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Wis. proposes relaxing Great Lakes ballast regulations

MADISON, Wis. (AP) — Wisconsin water officials have proposed revising ballast water regulations for ocean-going ships on the Great Lakes.

The Department of Natural Resources in February adopted a new permit for vessels that come into Wisconsin’s Great Lakes ports. The permit limits living organisms found in discharged ballast water in hopes of slowing the spread of invasive species.

The permit requires newly built ocean-going ships to meet standards 100 times greater than the International Maritime Organization’s limits beginning in 2012.

The DNR has determined, however, that technology to measure whether a treatment system has met such high standards doesn’t exist yet. The agency has proposed using IMO standards and requiring ships to flush ballast water at sea.

A public hearing has been set for Jan. 26 in Superior.

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2 comments

  1. At the end of 2008 when the demise of h.r.2830 was assured for the start of this administration, all of the states rattle their swords with a predictable response to create meaningful legislation for ballast water, but the foreign shipping industry knew, and said, it was just a “pipe dream” as they knew they had won and a policy following an international approach,in favor of their economic business interest would prevail, instead of any enforceable, meaningful American law to protect all American waters equally. Now Wisconsin one of the last of the Great Lakes States with a loud bark is considering a policy to be the first to cater to foreign shipping. NY ballast water laws will be the last wasted money this administration will need to create with pressure to cave in favor of a weak military plan. Then this administration can proceed with a slow military delay program helping ease the economic pain to foreign shipping, forever giving up the opportunity to put America on a level playing field in manufacturing cost.
    California laws, although tough have historically already, been shown ineffective, because of the cost to make them meaningful through enforcement. This is obvious as the environmentalist, still are fighting for protection, from the ballast water problems that lurk beneath the sea. Unfortunately invasive s, human bacteria and virus, introduction will also be delayed for the whole world with a slow Federal policy or an international plan. As we continue to wait until sometime in the middle of 2011 for the military delay plan, watch NY and their laws, as it will be the tell, to the future, of any “change” in the way America dose business in the world.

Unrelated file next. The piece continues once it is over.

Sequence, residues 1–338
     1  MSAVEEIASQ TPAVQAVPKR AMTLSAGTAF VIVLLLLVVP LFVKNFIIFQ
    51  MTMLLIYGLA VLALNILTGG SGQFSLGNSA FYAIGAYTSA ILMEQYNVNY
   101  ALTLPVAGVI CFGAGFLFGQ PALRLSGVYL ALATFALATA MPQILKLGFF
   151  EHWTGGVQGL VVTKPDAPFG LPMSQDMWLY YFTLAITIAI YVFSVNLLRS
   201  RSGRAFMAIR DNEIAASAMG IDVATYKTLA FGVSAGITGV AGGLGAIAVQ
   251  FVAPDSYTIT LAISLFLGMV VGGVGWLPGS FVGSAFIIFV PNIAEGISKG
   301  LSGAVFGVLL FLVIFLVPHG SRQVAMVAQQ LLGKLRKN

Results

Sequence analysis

Unless comprehensive Federal policy (preferably law) is created directing the Coast Guard to enforce strong regulation, (law) the historic attitude of disinterest the Coast Guard has displayed will continue considering this an International Maritime Organization problem, allowing international shipping to circumvent compliance with environmental agreements, as is noted in the military millennium report discussing environmental international agreements and the compliance. The idea the EPA will enforce anything without an infrastructure, is a joke as was illustrated by their lack of enforcement for tar balls in Lake Pontchartrain and at Texas beach’s has already shown.

  2. Here is the latest update on the Coast Guard delay plan.

    “Ballast Water Discharge Standard:We have revised our expected publication date of the Ballast Water Discharge Standard rulemaking. It is now expected to publish in April 2011, rather than December 2010.”

    This is totally about the cost foreign ships would incur as they deliver their manufactured products around the world. If the installation of technology for filtration of all foreign substances is mandated, rather than just a treatment plan for living creatures and pathogens it would provide comprehensive protection. The Arctic a known dumping ground for governments and industry, which leaves ballast water subject to contain anything released from the melting ice. Confirmed with the Gulf’s disasters, movement of tar balls to Lake Pontchartrain by ballast systems, is the inability of the government to control different aspects of the ballast water problem, by delegation to different government agencies, without an infrastructure for enforcement.
    (EPA,Coast Guard,Homeland Security, and 28 different state laws) It dose not take an Einstein to realize we need a comprehensive plan. Why do you think our President dose not act to protect people from human pathogens and virus in ballast water???

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